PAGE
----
The Apache Software Foundation and The Apache Server Project Friday released a new version of the world’s most popular web server software, principally as a bug fix and mod_proxy improvement.
“We consider Apache 1.3.23 to be the best version of Apache available and we strongly recommend that users of older versions, especially of the 1.1.x and 1.2.x family, upgrade as soon as possible,” the two organizations said Friday. “No further releases will be made in the 1.2.x family.”
However, due to the widespread deployment of the 1.3 stream, more point releases of that version isn’t out of the question, one of Apache’s developers told InternetNews. According to Netcraft, half of the top 10 most requested sites over the last 30 days run Apache, version 1.3.x.
The latest Apache HTTP server — Apache 1.3.23 —
fixes a number of bugs. It fixes the incorrect “Content-Length” header in the 416
response and reverts mod_negotiation’s handling of path_info and query_args to the 1.3.20 behavior. It also prevents an Apache model
from being loaded or added twice due to duplicate LoadModule or AddModule directives.
As for new features, 1.3.23 adds HTTP/1.1 support for mod_proxy and makes a number of other mod_proxy improvements. The new version
also sports the new “FileETag” directive to allow one to build the format of the ETag via runtime directives. It also adds a “filter
callback” function to enable modules to intercept the output byte stream for dynamic page caching.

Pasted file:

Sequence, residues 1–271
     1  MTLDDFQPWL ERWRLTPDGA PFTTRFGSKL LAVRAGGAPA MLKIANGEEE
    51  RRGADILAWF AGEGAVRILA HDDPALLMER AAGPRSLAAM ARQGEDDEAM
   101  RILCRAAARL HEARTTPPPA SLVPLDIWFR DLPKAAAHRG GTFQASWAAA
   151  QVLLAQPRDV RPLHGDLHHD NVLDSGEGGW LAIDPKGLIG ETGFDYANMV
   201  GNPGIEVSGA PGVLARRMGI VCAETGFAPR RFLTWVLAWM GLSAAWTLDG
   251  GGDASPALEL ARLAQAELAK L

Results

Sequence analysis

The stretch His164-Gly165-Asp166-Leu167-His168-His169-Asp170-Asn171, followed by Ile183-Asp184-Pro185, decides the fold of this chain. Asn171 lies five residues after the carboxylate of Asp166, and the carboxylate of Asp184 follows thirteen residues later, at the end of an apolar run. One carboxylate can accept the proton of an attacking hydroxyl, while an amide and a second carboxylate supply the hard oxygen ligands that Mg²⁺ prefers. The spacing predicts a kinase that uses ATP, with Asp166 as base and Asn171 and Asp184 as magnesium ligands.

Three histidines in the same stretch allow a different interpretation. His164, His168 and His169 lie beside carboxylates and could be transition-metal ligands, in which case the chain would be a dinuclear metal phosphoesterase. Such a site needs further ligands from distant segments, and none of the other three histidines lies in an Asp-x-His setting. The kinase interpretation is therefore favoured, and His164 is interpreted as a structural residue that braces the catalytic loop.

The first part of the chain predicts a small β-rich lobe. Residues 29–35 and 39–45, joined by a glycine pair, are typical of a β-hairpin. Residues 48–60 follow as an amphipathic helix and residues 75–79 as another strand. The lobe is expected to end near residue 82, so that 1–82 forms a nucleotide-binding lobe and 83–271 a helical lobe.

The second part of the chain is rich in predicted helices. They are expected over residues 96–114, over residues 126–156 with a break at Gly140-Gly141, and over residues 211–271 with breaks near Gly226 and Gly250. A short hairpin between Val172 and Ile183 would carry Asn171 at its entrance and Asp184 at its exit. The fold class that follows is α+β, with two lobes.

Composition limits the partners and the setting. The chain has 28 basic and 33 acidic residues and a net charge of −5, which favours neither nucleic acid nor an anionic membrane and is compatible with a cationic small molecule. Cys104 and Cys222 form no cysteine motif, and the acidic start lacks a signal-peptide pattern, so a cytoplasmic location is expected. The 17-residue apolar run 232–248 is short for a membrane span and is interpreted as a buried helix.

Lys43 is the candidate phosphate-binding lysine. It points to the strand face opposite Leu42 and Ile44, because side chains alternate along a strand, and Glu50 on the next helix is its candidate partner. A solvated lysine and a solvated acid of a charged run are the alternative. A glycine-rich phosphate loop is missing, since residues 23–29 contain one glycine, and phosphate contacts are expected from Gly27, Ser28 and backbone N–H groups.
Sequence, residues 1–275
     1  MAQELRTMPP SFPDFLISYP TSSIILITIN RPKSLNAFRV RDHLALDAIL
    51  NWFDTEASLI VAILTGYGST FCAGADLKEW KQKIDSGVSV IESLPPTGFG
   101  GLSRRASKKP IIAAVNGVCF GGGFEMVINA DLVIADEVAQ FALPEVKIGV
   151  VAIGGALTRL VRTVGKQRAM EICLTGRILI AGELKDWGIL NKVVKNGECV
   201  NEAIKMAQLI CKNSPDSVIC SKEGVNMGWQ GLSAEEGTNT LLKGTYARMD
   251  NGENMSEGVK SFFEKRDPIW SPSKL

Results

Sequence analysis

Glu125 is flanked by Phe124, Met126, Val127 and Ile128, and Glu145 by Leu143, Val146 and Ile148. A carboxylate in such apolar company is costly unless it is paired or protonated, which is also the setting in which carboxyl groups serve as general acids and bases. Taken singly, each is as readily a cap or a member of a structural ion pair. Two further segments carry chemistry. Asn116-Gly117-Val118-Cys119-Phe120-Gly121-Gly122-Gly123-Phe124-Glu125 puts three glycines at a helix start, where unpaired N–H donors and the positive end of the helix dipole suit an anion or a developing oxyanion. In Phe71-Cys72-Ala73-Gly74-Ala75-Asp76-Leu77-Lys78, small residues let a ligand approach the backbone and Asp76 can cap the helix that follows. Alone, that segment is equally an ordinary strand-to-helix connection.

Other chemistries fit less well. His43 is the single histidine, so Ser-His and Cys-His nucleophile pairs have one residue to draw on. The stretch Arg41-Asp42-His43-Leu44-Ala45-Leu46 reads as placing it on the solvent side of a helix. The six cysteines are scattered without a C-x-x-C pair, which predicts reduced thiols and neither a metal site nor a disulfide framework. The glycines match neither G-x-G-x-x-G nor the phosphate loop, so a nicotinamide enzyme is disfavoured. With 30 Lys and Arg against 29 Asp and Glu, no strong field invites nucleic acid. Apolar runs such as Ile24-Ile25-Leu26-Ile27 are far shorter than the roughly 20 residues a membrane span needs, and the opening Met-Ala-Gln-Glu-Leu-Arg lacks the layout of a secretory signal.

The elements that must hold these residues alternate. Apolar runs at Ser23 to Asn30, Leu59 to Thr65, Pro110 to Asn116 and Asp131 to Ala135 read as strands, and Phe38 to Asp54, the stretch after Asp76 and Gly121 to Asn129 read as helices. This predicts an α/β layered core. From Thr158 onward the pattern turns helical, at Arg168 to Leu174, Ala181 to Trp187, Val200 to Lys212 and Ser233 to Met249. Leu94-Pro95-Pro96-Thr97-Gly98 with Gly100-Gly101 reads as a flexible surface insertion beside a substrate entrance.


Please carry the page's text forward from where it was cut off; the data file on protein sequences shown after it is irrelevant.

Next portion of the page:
A far more robust slate of new features is expected when the Apache Software Foundation releases the highly anticipated Apache 2.0, which among other things will
offer Multi-Processing Modules, a new Apache Portable Runtime, a filtering mechanism that allows users to run the output of a Common
Gateway Interface (CGI) script through a series of processing modules, and compatibility Windows NT’s unicode file names.
However, the latest point release of 1.3 isn’t the last before the release of 2.0 or even after, said Ken Coar, Ken Coar, a senior software engineer at IBM and vice president of the Apache Software Foundation.
“I think it’s likely that there’ll be at least one more point release of 1.3, if not more, before 2.0 comes out. And there may be additional point releases of 1.3 even after that due to its widespread deployment,” Coar said in an email exchange.
Still any changes that do come along in the near future won’t be in the form of a major feature rollout.
“1.3 is effectively in ‘feature’ freeze, unless there is overwhelming support for a specific change. HTTP/1.1 proxy support (new in 1.3) was in development since 2000, and had been distributed as an incremental patch for a long while,” said Bill Rowe, senior software engineer at Covalent Technologies Inc.
Coar has previously said Apache 2.0 will likely come in the spring.
— Bob Liu contributed to this article.